Susan A. Seedman MD, FACS, PC Aiding in the Fight Against Breast Cancer Breast Specialty Care
  About Surgery

Surgery includes the spectrum of office and operating room procedures that may be used to evaluate and treat breast conditions, benign and malignant.

Risks and benefits of surgery


  • Diagnosis sampling the tissue allows us to determine the nature of the abnormality in the breast tissue or lymph node. Most of the time diagnosis can be made from a very small sample of tissue. Occasionally, the whole mass may need to be removed for an accurate diagnosis to be made.
  • Treatment- there are many conditions for which surgical procedures are necessary as part of the plan of treatment

Risks/Possible side effects/complications of these procedures most of these are unusual and subside with time. Some require medications such as antihistamines, antibiotics, stool softeners; and drainage of any collections. Among the possible risks are:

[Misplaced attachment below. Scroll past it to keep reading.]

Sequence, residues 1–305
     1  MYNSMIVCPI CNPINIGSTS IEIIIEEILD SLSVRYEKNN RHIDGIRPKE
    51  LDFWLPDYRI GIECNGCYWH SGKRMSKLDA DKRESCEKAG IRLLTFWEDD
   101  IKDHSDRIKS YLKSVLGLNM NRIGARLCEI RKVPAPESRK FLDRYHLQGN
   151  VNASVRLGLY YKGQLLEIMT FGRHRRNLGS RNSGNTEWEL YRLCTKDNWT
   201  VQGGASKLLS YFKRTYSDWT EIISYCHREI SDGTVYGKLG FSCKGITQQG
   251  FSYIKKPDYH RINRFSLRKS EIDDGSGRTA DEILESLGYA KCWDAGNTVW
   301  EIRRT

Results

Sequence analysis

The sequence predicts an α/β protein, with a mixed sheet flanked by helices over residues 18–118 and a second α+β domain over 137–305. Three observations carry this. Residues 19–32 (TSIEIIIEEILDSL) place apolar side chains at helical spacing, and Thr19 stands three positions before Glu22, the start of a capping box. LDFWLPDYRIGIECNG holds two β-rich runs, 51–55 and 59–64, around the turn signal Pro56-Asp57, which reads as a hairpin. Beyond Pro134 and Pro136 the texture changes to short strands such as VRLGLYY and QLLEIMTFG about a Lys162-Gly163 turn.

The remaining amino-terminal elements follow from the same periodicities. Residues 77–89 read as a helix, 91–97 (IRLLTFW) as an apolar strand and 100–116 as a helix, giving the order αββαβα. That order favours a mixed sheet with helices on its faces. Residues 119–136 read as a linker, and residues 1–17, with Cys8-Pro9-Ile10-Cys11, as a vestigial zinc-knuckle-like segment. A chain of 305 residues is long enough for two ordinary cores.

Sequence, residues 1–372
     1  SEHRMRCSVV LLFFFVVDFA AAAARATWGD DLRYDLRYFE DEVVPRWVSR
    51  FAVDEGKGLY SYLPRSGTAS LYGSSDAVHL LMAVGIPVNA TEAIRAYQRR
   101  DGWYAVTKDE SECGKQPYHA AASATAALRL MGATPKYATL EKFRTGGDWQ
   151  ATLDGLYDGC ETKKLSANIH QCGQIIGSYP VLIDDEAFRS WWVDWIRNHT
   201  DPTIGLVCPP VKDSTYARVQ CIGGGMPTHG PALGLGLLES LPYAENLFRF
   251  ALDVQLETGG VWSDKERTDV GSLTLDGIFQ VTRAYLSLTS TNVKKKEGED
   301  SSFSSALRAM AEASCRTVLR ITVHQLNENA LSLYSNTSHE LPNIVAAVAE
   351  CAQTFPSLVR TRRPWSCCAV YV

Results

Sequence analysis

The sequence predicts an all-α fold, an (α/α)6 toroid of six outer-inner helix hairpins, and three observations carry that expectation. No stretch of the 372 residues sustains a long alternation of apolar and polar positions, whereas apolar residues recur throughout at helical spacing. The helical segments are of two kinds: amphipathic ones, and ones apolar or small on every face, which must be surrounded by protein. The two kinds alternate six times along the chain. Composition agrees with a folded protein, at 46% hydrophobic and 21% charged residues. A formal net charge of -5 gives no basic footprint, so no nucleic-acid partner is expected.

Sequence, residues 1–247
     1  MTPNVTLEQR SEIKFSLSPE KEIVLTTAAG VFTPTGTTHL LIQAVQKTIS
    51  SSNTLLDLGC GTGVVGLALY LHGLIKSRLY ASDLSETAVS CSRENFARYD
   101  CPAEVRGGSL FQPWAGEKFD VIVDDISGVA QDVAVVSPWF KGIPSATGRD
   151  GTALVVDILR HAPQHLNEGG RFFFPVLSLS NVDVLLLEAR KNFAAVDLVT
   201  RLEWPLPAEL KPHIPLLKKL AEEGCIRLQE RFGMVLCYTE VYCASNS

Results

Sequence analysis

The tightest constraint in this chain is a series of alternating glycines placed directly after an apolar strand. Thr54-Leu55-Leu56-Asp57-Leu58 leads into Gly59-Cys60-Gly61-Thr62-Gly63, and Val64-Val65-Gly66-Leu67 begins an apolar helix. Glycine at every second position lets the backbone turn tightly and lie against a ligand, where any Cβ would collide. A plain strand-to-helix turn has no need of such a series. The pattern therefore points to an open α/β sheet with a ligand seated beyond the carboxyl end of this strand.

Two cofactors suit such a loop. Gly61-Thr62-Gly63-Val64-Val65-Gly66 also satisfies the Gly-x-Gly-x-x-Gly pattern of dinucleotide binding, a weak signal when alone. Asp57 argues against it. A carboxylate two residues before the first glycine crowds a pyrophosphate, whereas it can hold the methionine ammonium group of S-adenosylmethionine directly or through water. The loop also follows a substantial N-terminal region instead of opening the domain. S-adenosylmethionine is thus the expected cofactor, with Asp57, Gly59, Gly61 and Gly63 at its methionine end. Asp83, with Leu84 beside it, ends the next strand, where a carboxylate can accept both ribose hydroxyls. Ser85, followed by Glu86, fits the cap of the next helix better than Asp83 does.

• Allergic reactions to cleaning solutions, anesthetic agents, suture materials, dressings, tapes and medications used. Among these reactions are itching, redness of the skin, hives and blisters.
  • Bleeding that may lead to hematoma (collection of blood in the wound), ecchymosis (black and blue discoloration of the skin), or bloody nipple discharge.
  • Seroma formation (collection of clear fluid in the wound)
  • Infection that may lead to cellulitis (redness or swelling of the skin around the incision) or abscess (collection of pus in the wound)
  • Pain that may be sharp , dull, shooting, tingling, burning, continuous or intermittent in the area of the surgery and may persist for a few days
  • Numbness in the area of the surgery, breast, chest wall or axilla
  • Scar formation that may be thicker than usual (keloid or hypertrophic scar), indents the skin, pulls the nipple in or distorts the appearance of the breast, chest wall or axilla.
  • Reactions to analgesic medications (pain killers) including nausea, vomiting and constipation
  • Lymphedema (fluid within the tissues of the chest wall or arm). This may develop at any point after removal of lymph nodes. In most cases, it becomes a chronic condition that if left untreated can be quite debilitating.